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Great differences in cancer treatment in Dutch hospitals31 January 2014, by Alexandra Gowling
A study by Dutch cancer society KWF has revealed there are great differences in the quality of cancer treatment among hospitals in the Netherlands.
They found that oncologists may only perform certain operations a few times a year and that some do not comply with guidelines. This results in uneven treatment outcomes, with patients in one hospital having better results than those in another.
The study comes directly after another investigation showed that there were also great differences in patient treatment for hernias.
Standard of care in Dutch hospitals
Co-author of the report and surgical oncologist Michel Wouters stressed that while the quality of patient care in the Netherlands is high, there is "a considerable chance that a patient may have a greater chance of survival at one hospital than at another."
The differences are particularly great in prostate cancer, which is the main form of cancer in men with almost 12.000 new cases each year.
Only one third of prostate cancer patients with an aggressive form of the disease get hormone therapy in addition to radiation, although the guidelines prescribe hormone therapy as patients then live longer.
The report also found that those hospitals which purchased the expensive Da Vinci surgical robot for prostate removal were more often removing the whole prostate than those hospitals in which surgeons did the operation.
The report is critical of the "rampant introduction" of the robots, as it is unknown whether full removal of the prostate has better results and operations with the robot are 2.000 to 4.500 euros more expensive than normal ones.
Reductions in the number of surgeries
Since the introduction of minimum standards in Dutch hospitals, certain cancer surgeries are no longer performed in many hospitals.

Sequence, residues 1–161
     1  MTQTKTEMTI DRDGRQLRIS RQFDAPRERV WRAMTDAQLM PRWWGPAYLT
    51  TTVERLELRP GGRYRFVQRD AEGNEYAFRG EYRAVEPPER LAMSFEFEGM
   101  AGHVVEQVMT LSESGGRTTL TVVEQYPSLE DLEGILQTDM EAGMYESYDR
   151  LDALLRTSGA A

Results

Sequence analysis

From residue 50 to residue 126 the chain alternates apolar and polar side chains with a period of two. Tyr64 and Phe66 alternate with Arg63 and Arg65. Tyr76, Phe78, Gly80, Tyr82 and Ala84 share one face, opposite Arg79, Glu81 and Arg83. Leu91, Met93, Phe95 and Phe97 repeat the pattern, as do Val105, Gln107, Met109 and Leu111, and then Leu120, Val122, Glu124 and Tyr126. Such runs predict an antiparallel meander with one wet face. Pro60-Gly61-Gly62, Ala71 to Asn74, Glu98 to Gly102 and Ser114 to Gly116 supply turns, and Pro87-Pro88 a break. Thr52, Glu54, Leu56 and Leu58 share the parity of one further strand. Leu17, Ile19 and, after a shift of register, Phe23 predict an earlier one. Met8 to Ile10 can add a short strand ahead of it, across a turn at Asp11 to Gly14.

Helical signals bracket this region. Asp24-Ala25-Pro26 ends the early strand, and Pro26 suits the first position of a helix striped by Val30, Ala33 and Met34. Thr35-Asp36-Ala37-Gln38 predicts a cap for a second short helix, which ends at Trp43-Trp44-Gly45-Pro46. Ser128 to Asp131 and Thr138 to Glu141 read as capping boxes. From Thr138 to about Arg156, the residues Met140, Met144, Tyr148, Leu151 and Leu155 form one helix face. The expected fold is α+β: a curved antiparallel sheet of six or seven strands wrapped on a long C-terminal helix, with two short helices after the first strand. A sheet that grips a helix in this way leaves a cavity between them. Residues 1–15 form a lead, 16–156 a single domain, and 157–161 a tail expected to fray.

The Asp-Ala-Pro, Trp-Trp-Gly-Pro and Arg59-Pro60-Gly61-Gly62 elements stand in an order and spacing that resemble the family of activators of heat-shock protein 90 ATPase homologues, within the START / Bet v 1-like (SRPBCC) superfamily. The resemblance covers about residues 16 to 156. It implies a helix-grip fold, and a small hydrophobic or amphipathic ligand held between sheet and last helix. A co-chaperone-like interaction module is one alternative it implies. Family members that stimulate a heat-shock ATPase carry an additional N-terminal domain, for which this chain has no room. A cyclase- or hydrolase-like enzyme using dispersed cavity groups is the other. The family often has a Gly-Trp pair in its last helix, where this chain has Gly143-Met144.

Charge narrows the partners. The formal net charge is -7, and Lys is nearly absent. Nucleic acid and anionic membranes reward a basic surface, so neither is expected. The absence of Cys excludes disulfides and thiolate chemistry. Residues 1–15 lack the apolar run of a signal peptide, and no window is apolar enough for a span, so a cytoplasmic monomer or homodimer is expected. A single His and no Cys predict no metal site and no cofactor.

Now, almost half of all hospitals have stopped treating gastric cancer and 40 per cent have stopped doing pancreatic cancer operations.
Also, hospitals now have limits on the number of cancer surgeries they can perform in a year, as cancer treatment becomes more standardised.
For example, operations for stomach, pancreatic and cervical cancer are now limited to 20 times per year per hospital, while bladder cancer operations are limited to 10.
Research has shown, however, that the survival of cancer patients often rises sharply when surgeons perform operations more often and thus hone their skills.
Wouters said that the lower limit on surgery numbers will need to rise for many cancers, especially prostate, testicular, sarcoma and thyroid surgery.
"It is important now that standards are set for other parts of treatment. There must be standards in chemotherapy for testicular cancer. Some oncologists consider five patients a year sufficient, but that number really has to go up."
Setting up national cancer registers
Some cancer specialists have set up national registers for a particular cancer, a move which saw a 20 per cent decrease in mortality after surgery for bowel cancer.
But some cancer specialist are too slow in setting up theirs, says Wouters. "Until five years ago, surgeons never saw that their results were worse than their peers.
"Now they can for colon, breast and lung cancer. Surgeons can see almost immediately that the number of complications among their patients is high, so they then think: what am I doing wrong? That has a very rapid effect on their actions. This should be done with all forms of cancer."
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